Throughout these experiments we will use TTL chips to build circuits. The steps for wiring a circuit should be completed in the order described below: Turn the power off before you build anything! Make sure the power is off before you build anything! Connect the +5V and ground (GND) leads of the power supply to the power and ground bus strips on your breadboard. The +5V supply may be found on the bottom centre of the power supply with the black switch at the +5V fixed position. Before connecting up, use a voltmeter to check that the voltage does not exceed 5V. Plug the chips you will be using into the breadboard. Point all the chips in the same direction with pin 1 at the upper-left corner. (Pin 1 is often identified by a dot or a notch next to it on the chip package) Connect +5V and GND pins of each chip to the power and ground bus strips on the breadboard. Select a connection on your schematic and place a piece of hook-up wire between corresponding pins of the chips on your breadboard. It is better to make the short connections before the longer ones. Mark each connection on your schematic as you go, so as not to try to make the same connection again at a later stage. Get one of your group members to check the connections, before you turn the power on. If an error is made and is not spotted before you turn the power on. Turn the power off immediately before you begin to rewire the circuit. At the end of the laboratory session, collect you hook-up wires, chips and all equipment and return them to the demonstrator. Tidy the area that you were working in and leave it in the same condition as it was before you started.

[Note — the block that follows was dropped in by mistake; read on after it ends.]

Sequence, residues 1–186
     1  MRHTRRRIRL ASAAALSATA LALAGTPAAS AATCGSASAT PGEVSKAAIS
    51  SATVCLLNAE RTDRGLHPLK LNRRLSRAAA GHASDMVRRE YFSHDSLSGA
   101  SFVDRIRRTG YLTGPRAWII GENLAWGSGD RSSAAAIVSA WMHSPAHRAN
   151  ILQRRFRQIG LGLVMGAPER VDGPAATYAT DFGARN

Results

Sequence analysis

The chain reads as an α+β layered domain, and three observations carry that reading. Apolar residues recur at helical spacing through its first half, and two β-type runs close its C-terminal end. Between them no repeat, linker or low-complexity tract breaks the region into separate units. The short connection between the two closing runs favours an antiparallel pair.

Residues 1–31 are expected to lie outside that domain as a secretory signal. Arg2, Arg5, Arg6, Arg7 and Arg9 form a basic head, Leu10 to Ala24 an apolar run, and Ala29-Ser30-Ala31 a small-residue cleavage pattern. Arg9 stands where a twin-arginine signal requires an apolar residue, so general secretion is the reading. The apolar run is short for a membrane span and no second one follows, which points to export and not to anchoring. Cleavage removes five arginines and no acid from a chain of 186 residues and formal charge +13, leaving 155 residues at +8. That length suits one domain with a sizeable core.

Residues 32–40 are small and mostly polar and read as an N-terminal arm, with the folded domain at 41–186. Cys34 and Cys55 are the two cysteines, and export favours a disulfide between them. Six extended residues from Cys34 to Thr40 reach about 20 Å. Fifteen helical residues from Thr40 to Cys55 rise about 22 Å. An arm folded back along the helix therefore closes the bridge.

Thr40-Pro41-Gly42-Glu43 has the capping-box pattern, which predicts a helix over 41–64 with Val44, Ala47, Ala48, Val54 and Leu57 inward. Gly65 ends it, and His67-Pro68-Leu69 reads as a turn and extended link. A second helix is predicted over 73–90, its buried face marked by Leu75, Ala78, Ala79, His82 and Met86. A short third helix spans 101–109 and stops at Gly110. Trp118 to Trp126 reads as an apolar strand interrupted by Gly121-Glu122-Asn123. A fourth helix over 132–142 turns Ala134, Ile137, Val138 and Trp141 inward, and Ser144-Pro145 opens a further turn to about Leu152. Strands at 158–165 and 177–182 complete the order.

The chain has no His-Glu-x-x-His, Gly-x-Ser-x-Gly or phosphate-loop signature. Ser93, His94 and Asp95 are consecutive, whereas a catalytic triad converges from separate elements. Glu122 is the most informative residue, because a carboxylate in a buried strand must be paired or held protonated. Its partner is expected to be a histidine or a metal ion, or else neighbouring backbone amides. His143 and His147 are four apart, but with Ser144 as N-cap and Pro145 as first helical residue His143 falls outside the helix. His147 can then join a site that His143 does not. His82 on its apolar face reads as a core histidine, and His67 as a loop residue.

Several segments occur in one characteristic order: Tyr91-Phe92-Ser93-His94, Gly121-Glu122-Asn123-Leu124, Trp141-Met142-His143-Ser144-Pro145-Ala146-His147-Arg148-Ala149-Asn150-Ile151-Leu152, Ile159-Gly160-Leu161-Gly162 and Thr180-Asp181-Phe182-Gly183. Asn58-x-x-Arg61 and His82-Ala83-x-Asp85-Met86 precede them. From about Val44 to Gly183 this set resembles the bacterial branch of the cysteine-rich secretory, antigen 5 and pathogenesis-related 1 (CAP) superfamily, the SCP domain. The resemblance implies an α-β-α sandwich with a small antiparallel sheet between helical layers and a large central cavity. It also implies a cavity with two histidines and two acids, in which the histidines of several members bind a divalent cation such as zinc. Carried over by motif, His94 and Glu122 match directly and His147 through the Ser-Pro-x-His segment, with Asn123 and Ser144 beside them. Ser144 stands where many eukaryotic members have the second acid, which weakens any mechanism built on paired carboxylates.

Common Causes of Problems
Not connecting the ground and/or power pins for all chips. Not turning on the power supply before checking the operation of the circuit. Leaving out wires. Plugging wires into the wrong holes. Driving a single gate input with the outputs of two or more gates Modifying the circuit with the power on. In all experiments, you will be expected to obtain all instruments, leads, components at the start of the experiment and return them to their proper place after you have finished the experiment. Please inform the demonstrator or technician if you locate faulty equipment. If you damage a chip, inform a demonstrator, don't put it back in the box of chips for somebody else to use. If you locate any errors in this manual, please ask Mr Fahamuel or your module master.

Example Implementation of a Logic Circuit
Build a circuit to implement the Boolean function F = /(/A./B), please note that the notation /A refers to . You should use that notation during the write-up of your laboratory experiments.

Quad 2 Input 7400

Hex 7404 Inverter